Buy Used
$8.33
Condition: Used: Good
Comment: Edge wear and bumped corners. A few marks on cover. Eligible for FREE Super Saving Shipping! Fast Amazon shipping plus a hassle free return policy mean your satisfaction is guaranteed! Good readable copy. Worn edges and covers and may have small creases. Item is in good condition.
Have one to sell? Sell on Amazon
Flip to back Flip to front
Listen Playing... Paused   You're listening to a sample of the Audible audio edition.
Learn more
See all 2 images

Undue Influence: The Epic Battle for the Johnson & Johnson Fortune Hardcover – March, 1993

6 customer reviews

See all 3 formats and editions Hide other formats and editions
Amazon Price New from Used from
Hardcover
"Please retry"
$9.74 $0.01

Best Books of the Year So Far
Best Books of the Year So Far
Looking for something great to read? Browse our editors' picks for 2015's Best Books of the Year So Far in fiction, nonfiction, mysteries, children's books, and much more.

Editorial Reviews

From Publishers Weekly

The "largest, costliest, ugliest, most spectacular and most conspicuous" inheritance contest in American history here receives thorough, incisive and dramatic treatment from New York Times legal affairs correspondent Margolick. In 1971, 76-year-old J. Seward Johnson, heir to the Johnson & Johnson fortune, married his 34-year-old Polish household servant; when he died 12 years later, his six adult offspring sued to stop the widow, Basia, from inheriting most of the half-billion-dollar estate. While Margolick ably conveys Basia's imperiousness and the children's dissolution, the book shines in its sophisticated analysis of the prominent attorneys and New York City law firms representing the various parties, and in its scathing portrait of tough, profane and peremptory Judge Marie Lambert. After a bizarre 17-week trial in 1986, the two sides settled, with Basia paying out approximately $43 million to the Johnson children. Both parties claimed victory, but Margolick's anatomy of the process shows everyone's claims to be tainted. This is a far meatier and more critical look at the case than Barbara Goldsmith's 1987 Johnson v. Johnson. Photos not seen by PW.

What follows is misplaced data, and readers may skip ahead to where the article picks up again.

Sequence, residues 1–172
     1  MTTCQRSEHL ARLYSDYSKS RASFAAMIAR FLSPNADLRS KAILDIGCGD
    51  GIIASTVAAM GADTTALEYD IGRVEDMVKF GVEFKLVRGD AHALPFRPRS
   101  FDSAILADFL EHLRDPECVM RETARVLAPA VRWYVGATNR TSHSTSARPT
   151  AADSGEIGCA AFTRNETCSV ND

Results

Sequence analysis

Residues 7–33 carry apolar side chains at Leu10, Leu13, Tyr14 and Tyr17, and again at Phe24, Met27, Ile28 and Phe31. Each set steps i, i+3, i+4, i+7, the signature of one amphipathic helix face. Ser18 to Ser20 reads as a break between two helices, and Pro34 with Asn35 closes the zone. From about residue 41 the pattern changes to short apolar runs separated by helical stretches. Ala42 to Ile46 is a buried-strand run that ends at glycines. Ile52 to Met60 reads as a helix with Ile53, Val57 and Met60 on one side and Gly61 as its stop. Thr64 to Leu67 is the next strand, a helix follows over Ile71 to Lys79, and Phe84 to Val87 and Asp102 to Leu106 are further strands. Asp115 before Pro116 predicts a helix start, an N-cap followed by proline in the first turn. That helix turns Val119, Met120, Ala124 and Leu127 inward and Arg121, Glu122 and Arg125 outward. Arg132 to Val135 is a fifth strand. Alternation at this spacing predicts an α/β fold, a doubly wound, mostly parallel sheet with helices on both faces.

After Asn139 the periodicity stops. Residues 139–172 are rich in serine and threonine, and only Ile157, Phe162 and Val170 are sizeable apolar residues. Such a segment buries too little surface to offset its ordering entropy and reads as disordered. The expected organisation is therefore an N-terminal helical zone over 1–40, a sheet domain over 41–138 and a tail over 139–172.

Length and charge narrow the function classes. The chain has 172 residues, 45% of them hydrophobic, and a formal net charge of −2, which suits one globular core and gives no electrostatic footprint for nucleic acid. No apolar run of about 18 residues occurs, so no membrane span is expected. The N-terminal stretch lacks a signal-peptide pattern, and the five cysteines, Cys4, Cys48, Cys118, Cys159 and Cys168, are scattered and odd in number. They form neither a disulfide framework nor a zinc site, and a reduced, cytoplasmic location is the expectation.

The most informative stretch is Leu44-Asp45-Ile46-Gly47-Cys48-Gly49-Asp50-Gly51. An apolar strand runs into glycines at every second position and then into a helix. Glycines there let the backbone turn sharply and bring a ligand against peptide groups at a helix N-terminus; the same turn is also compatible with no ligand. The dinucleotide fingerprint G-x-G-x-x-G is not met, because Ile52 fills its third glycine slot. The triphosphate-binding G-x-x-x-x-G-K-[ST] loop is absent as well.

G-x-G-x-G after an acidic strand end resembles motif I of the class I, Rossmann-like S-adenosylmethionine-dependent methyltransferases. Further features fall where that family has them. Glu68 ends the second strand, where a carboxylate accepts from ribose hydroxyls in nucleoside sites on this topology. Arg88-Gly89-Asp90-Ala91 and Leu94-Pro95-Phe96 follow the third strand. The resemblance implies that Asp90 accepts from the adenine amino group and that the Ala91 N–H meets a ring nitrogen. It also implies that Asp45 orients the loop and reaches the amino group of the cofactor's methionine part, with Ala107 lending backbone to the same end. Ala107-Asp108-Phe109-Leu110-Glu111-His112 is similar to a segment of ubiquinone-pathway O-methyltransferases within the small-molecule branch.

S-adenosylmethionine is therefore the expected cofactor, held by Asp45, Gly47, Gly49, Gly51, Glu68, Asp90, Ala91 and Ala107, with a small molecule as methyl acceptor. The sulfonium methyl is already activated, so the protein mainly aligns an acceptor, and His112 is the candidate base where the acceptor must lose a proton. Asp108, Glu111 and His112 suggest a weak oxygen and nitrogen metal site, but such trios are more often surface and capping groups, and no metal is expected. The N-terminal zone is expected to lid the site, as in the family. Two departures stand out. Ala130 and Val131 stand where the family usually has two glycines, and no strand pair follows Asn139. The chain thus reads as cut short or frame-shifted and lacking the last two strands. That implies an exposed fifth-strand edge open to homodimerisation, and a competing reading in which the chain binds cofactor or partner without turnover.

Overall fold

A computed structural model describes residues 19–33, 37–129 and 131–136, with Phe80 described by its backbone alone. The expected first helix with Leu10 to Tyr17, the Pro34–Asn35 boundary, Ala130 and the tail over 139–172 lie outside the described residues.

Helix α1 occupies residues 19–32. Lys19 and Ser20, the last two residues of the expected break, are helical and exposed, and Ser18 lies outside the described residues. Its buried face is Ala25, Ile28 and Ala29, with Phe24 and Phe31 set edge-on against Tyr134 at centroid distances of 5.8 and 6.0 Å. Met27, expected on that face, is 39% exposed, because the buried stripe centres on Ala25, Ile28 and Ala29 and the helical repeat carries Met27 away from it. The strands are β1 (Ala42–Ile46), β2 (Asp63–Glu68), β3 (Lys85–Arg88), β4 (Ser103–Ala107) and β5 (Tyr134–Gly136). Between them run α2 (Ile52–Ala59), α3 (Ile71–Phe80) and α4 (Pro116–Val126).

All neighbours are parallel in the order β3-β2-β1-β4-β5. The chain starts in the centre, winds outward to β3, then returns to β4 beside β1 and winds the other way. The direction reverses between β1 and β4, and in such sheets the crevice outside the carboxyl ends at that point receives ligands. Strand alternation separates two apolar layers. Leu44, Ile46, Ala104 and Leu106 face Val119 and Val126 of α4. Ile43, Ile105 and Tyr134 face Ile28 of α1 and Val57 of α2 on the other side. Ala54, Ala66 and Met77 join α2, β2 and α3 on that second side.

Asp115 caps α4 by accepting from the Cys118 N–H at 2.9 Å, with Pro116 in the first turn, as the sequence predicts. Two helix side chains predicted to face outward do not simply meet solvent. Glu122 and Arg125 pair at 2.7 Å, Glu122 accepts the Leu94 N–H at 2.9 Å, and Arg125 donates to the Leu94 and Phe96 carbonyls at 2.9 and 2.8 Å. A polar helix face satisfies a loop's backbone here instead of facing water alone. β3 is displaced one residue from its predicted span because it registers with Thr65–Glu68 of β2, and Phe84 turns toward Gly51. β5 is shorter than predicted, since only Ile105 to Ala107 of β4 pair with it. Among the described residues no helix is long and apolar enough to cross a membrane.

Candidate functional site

Copyright 1993 Reed Business Information, Inc.

From Library Journal

At the age of 76, Seward Johnson, the Johnson & Johnson magnate, married Barbara Piasecka, a recent Polish immigrant 42 years his junior. When he died 12 years later, she inherited his $400 million fortune after a protracted and scandalous legal battle with her six stepchildren. This book tells the story of the contesting of that will and the eccentricities of the litigants, the lawyers, and the judge. Margolick's strength is also his weakness; even the most legal-minded reader may become impatient with the wealth of detail in his 600-page account. Because no sources whatsoever are provided, the reader is left still more frustrated. For only the most complete popular legal collections.
- Elizabeth Fielder Olson, Archer & Greiner, Haddonfield, N.J.
Copyright 1993 Reed Business Information, Inc.
NO_CONTENT_IN_FEATURE

Best Books of the Month
Best Books of the Month
Want to know our Editors' picks for the best books of the month? Browse Best Books of the Month, featuring our favorite new books in more than a dozen categories.

Product Details

  • Hardcover: 624 pages
  • Publisher: William Morrow & Co; 1st edition (March 1993)
  • Language: English
  • ISBN-10: 0688064256
  • ISBN-13: 978-0688064259